|Hanja||檀 君王 儉|
Hwanin had a son, Hwanung , who wanted to live on earth. Hwanin chose Mount Taebaek as the place of residence for his son and sent him to earth with 3,000 followers. Hwanung founded the city of Sinsi ( 신시 , 神 市 ), the city of God , on the summit . Together with his ministers, Hwanung gave the people laws, morals, culture, medicine and agriculture.
A tiger and a bear asked Hwanung to transform them into humans. Hwanung gave them garlic and mugwort (the first gimchi ) and ordered them to eat them for a hundred days, avoiding sunlight during that time. The tiger gave up shortly afterwards, while the bear stayed and was turned into a woman. The woman, her name was Ung-nyeo ( 웅녀 , 熊 女 ; eng . Bear woman ), turned out to be very grateful, but she had no husband and was sad because she had no children. Hwanung was touched by her prayers and took her as his wife. Their son was called Dangun Wanggeom .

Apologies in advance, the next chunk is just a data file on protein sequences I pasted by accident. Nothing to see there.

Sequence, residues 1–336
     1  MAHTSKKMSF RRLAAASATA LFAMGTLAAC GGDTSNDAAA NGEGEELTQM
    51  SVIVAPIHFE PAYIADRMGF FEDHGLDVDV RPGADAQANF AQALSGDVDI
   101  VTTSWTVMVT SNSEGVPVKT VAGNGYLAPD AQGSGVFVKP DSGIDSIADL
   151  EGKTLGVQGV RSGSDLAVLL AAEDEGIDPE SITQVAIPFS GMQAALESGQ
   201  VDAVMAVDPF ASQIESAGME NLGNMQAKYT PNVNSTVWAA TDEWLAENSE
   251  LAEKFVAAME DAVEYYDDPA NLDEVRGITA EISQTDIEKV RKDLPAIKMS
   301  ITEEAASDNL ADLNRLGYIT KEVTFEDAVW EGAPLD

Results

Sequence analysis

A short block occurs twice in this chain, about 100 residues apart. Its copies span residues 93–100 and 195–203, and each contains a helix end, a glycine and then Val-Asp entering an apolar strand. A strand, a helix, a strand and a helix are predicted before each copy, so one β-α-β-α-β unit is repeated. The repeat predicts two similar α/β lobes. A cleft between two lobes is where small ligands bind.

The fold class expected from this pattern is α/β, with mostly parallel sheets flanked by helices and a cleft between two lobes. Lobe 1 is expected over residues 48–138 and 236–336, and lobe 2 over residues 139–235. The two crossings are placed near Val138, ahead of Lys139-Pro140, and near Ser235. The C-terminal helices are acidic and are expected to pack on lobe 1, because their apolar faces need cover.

According to popular belief in Korea, Dangun climbed in 2333 BC. The throne, founded the city of Pyongyang and the kingdom of Go-Joseon. The date refers to an entry in the Dongguk Tonggam , which names the 25th year of the reign of the Chinese Emperor Yao . This contradicts the representations in the Sejong Sillok and Il-yeon's Samguk Yusa , which indicate the 1st year and 50th year of Yao's reign, respectively.
The mythical founding of Korea by Dangun is celebrated today in South Korea with the holiday Gaecheonjeol .
The geographical location of Mount Taebaek is controversial. The following three mountains are cited by Koreans as the possible birthplace of their civilization:
- the eponymous Taebaek-san (1568 m) in the South Korean province of Gangwon-do
- the Myohyang-san north of Pyongyang
- the paektu-san
In the North Korean district of Kangdong, which is part of the urban area of Pyongyang , the reconstruction of the alleged tomb of Dangun was completed in 1994. This is a complex of 45 hectares, in the center of which is a white stone pyramid with the alleged burial chamber of Dangun and his wife.
From 1945 to 1961, the Gregorian calendar with Dangun years was officially used in South Korea , referred to as Dangi ( 단기 ) 4278 to 4294. Occasionally, this count is still used today. The dangi count was also used for the Korean lunisolar calendar used before 1910 .